Safety by design: an idea whose time has come in Australia?

February 6, 2024

CMA’s President, Prof. of Law, Elizabeth Handsley, puts forward, ‘Safety by design: an idea whose time has come in Australia?

Imagine a world where you could let children go online with as much confidence as you can give them a glass of water out of the tap. Nobody expects parents of thirsty children to do their own water testing; rather we have significant government and industry investment in infrastructure, and accountability mechanisms to make a safe supply a virtual certainty. Yes, it’s not 100% – there are sometimes failures, like what happened in Sydney in 1998. But the very fact that a failure like that caused such uproar only proves the point: water safety is something we expect, and demand, as a society; and we’re confident we can achieve it.

Could internet safety be the same?

There is lots of discussion going on all over the world about children’s online safety, and one concept that keeps coming up is ‘safety by design’. It means we don’t just try to make the online world safer for children after it’s set up, rather we design the risks out of platforms and experiences from the start. This is not just likely to be more effective, it’s also fundamentally more respectful of children’s rights. It’s an approach that CMA strongly supports, because it puts children front and centre – they aren’t just an afterthought, as we so often find.

Lawmakers overseas are taking steps in the right direction. California passed the Age Appropriate Design Code in 2022, and other States look set to follow suit; and a recent report by the European Parliament calls for action on the risks of persuasive and addictive design. This kind of design is an issue for everybody, and even adults struggle to manage their time spent on devices, but for children it’s profound. According to 5Rights, there is evidence that ‘between a third and half of children rarely disconnect and worry they are addicted to the internet’.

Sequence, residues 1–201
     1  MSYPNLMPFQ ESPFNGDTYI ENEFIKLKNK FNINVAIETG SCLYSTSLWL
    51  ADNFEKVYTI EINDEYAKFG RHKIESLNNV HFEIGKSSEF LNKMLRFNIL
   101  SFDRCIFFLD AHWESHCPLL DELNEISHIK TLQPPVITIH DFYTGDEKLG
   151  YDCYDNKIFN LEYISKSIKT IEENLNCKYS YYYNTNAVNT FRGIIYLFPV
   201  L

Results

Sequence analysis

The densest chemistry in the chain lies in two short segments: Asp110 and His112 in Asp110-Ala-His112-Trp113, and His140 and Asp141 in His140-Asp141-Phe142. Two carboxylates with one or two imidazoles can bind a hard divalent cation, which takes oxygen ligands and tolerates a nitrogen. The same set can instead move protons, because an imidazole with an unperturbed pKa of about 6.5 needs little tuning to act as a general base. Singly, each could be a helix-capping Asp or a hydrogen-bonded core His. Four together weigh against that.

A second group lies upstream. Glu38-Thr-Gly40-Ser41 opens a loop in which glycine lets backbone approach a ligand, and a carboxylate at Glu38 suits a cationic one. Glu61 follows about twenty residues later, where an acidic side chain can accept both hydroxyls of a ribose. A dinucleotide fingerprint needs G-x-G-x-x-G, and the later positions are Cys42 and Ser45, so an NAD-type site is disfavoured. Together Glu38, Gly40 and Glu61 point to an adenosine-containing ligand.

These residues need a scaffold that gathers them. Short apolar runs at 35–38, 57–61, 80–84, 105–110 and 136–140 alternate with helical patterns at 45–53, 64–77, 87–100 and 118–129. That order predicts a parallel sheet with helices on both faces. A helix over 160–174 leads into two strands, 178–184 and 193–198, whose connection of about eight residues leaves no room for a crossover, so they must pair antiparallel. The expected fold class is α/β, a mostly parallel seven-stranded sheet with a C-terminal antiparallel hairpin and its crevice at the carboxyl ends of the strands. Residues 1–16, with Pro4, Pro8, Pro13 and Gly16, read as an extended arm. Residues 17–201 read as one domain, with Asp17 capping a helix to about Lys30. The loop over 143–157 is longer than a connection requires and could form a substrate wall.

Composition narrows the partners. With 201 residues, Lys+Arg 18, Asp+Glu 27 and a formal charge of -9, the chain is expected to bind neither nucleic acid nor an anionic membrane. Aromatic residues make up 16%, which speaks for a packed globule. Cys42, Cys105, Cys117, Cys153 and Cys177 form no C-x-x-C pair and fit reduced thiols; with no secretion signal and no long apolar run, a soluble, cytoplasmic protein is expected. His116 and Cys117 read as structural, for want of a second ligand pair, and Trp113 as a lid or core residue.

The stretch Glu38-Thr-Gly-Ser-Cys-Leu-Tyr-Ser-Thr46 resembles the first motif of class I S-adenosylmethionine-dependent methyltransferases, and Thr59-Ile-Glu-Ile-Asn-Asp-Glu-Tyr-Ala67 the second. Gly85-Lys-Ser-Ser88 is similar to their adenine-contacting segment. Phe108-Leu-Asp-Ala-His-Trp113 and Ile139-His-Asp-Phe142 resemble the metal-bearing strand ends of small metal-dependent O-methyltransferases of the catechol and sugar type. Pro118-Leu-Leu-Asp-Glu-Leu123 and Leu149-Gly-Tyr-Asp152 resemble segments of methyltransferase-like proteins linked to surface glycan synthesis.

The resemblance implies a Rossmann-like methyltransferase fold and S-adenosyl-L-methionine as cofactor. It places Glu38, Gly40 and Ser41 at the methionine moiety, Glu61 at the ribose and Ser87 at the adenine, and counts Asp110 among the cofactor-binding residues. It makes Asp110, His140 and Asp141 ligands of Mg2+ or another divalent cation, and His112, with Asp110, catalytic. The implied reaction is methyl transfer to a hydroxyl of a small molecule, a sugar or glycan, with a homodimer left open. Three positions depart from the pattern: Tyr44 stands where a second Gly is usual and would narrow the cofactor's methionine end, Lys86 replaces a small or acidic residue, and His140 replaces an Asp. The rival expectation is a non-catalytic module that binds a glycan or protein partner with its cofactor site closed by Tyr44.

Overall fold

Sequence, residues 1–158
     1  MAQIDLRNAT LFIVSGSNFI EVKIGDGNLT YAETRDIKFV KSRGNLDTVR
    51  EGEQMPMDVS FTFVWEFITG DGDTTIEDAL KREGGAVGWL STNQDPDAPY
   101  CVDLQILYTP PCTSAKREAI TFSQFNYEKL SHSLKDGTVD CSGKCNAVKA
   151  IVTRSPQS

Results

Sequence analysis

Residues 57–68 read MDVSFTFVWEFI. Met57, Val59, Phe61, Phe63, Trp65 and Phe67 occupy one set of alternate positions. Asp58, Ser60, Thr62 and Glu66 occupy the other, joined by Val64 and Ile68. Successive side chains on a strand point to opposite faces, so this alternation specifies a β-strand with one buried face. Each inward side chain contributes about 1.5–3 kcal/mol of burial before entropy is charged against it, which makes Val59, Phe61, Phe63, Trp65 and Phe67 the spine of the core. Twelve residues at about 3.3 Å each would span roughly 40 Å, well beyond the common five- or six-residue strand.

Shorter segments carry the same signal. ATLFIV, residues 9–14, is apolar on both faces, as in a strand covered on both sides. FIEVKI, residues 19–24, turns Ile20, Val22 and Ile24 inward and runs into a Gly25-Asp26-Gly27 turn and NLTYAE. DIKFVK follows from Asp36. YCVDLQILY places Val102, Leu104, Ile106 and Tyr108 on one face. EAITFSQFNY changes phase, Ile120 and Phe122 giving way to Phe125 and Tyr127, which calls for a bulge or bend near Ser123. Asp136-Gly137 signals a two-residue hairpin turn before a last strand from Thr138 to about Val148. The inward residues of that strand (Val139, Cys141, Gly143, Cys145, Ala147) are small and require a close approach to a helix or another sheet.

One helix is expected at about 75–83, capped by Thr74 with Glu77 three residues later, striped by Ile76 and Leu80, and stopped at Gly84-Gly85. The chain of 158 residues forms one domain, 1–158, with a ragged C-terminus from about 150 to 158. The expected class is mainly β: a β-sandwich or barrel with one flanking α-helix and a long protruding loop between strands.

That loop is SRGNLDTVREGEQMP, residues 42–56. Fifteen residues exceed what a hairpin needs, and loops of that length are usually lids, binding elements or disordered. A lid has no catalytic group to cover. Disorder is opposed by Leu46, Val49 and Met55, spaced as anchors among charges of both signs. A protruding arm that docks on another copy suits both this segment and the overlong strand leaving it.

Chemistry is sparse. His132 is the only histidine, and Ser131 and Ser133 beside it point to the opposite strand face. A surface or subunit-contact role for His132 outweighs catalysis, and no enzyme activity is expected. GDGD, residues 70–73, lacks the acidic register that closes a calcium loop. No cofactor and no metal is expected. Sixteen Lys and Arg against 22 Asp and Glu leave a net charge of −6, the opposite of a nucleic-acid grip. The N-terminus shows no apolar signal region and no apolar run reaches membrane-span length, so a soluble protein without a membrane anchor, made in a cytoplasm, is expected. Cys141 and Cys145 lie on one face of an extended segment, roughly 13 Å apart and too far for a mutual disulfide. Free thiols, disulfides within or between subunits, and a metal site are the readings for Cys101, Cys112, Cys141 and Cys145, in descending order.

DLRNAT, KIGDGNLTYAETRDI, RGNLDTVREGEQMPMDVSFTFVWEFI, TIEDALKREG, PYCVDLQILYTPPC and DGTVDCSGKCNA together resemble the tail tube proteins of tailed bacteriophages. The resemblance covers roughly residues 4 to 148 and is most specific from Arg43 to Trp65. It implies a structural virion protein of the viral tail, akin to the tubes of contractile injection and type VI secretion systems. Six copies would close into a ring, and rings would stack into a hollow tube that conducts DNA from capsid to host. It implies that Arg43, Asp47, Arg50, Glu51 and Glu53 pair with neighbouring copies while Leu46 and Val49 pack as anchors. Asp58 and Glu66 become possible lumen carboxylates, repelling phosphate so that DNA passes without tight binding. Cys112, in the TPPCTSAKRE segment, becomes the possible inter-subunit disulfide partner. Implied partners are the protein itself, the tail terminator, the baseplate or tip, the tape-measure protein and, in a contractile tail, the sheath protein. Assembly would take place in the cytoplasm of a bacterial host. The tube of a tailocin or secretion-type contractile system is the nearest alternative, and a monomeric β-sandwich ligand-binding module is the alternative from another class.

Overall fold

While it’s encouraging to see active discussion in other parts of the world about countering these risks, we have to ask: what is Australia doing? There are many reviews and inquiries going on at the moment (see pages 4-5 here), about online safety, privacy and artificial intelligence for example, but little sign that our lawmakers are thinking about the question of service design.

As this is being written, I’m working on CMA’s submission on proposed amendments to the Basic Online Safety Expectation Determination. This is part of a complex and bewildering co-regulation system where the Parliament empowers the Minister to state the government’s expectations of online providers. The Determination, as it currently stands, says nothing about design. Perhaps it would make little difference to children’s rights and wellbeing even if there were expectations on design, considering the weakness of the regulation (online providers may only be required to report to the eSafety Commissioner about ‘compliance’ with those expectations; and if there has been a contravention the Commissioner can only prepare a statement to that effect, that she may or may not publish on her website).

Still, it would be excellent to see the Australian government address the way online services and experiences are designed, and this would be a good place to start.

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